Air+traffic+controller+seeks+business+management+degree

Air traffic controller seeks business management degree

Brad Miller, a business major at Washburn University, is a veteran who never went shipboard during his five years in the Navy.

“There are actually a ton of planes in the Navy, which is why I ended up in air traffic control school after boot camp,” Miller said. 

Miller decided upon enlisting in the Navy after attending college for a couple of years but not being able to decide on what he wanted to study. He didn’t want to waste any more time or money on college without a clear goal in mind, and he’d always been drawn to the military thanks to his grandfather, who had served in the United States Air Force. He picked the Navy instead of the Air Force because of an old picture from his childhood of a sailor in his dress blues that stuck with him. 

“My parents thought it was good for me to go into the Navy since I had been kind of a wild child,” Miller said. “They were actually surprised I wanted to enlist, but my mom and I sat down and looked up the best jobs that the Navy had that transitioned well to civilian life, and once I had a plan, I was ready to commit.”

Miller ended up going to Chicago for eight weeks of basic training and then because of his high math scores on the ASVAB test, the Navy tried to recruit him to be a nuclear engineer.

“I thought going to school for engineering sounded boring, so I said I wanted to get into air traffic control instead,” Miller said. “I ended up in Pensacola, Florida, going to school for eight to 10 hours a day for six months. The school had a 70% drop out rate, but I made it through and ended up being sent to Nevada to Naval Air Station Fallon.”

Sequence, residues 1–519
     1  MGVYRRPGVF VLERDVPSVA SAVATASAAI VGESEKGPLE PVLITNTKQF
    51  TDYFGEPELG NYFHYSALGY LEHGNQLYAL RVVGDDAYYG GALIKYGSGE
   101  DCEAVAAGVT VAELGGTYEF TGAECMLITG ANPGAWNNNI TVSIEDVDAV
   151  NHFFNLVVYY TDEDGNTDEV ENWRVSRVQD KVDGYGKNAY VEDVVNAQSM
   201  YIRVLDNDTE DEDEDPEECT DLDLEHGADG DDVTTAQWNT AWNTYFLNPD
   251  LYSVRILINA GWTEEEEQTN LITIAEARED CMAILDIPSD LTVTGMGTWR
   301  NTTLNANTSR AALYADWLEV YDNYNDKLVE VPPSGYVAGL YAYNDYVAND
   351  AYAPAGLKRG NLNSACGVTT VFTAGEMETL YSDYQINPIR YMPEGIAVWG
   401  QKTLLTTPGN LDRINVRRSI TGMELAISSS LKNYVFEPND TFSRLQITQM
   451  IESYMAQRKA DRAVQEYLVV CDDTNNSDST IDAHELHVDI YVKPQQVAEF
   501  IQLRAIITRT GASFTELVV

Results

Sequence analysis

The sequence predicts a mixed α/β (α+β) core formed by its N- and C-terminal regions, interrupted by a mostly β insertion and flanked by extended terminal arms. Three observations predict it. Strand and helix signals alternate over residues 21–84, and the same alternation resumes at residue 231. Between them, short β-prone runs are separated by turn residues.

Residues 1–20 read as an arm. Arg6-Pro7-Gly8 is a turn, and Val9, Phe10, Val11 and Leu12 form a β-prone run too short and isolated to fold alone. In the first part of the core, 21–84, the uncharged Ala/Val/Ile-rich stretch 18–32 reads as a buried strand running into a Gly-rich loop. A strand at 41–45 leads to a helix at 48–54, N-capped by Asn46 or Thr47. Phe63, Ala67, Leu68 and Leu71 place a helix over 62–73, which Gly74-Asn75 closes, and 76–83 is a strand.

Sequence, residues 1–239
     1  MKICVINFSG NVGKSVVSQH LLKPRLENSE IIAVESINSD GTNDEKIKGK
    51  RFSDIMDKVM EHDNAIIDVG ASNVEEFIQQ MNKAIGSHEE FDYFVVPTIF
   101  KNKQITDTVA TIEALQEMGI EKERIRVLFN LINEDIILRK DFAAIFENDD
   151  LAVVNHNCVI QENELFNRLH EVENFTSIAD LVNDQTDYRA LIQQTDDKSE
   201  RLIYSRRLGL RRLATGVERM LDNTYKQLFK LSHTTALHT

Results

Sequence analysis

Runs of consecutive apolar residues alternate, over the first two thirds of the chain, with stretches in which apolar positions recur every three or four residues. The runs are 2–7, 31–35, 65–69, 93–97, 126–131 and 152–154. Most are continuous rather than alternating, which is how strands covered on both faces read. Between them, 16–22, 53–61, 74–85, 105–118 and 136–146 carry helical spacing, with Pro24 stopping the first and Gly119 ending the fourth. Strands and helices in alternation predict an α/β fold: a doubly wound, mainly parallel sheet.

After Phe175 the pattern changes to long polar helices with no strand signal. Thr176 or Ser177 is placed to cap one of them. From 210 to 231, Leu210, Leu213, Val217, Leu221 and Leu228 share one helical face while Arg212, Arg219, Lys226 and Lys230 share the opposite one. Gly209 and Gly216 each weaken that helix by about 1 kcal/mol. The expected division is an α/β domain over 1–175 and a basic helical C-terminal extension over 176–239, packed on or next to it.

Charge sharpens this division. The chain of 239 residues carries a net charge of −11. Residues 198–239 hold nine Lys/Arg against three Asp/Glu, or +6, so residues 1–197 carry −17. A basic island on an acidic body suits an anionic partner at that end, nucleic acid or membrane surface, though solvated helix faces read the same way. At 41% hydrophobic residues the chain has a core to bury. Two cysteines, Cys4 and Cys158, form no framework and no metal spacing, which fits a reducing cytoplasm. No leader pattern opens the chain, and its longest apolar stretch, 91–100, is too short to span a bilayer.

Miller loved working at the airport in the desert and ended up being in the radar building and the air control tower. 

“My position was called the local,” Miller said. “I was the person who actually talked with the pilots before takeoff and landing and directed the air traffic.” 

Miller ended up being promoted to tower manager and is proud to have been the lowest rank tower manager ever as a Petty Officer Third Class E4. At that point, Miller was training E6s and E7s, higher ranking enlisted personnel.

“The camaraderie you’ve got with everyone who looks out for everyone on base was nice,” Miller said. “I still stay in close touch with a fellow sailor who was from Missouri and who I became good friends with during boot camp.”

When Miller decided not to reenlist in the Navy, he and his wife knew they wanted to come back to Kansas, near to where their family is in Wichita. 

“Initially, I wanted to get a job at the airfield in Hutchinson but instead, I got offered a job in Topeka,” Miller said.

Miller now is the air traffic manager at Phillip Billard Municipal Airport where he runs the daily business.

“The job description between what I did in the Navy and what I do here in Topeka is exactly the same, but it’s a very different change of pace,” Miller said. “I was used to more of a structure in the Navy where basically, every day was an air show. There, I’d have daily events like 60 F/A-18s taking off at 8 a.m. and returning at 9:45 a.m. Here, I pretty well deal with Cessnas, Medevac flights, and Bonanzas, but nothing big or flashy like the Navy has.”

Miller’s now working on a business management degree at Washburn and even though he didn’t end up close to Wichita with his family, he and his wife are enjoying raising their two kids in Topeka. 

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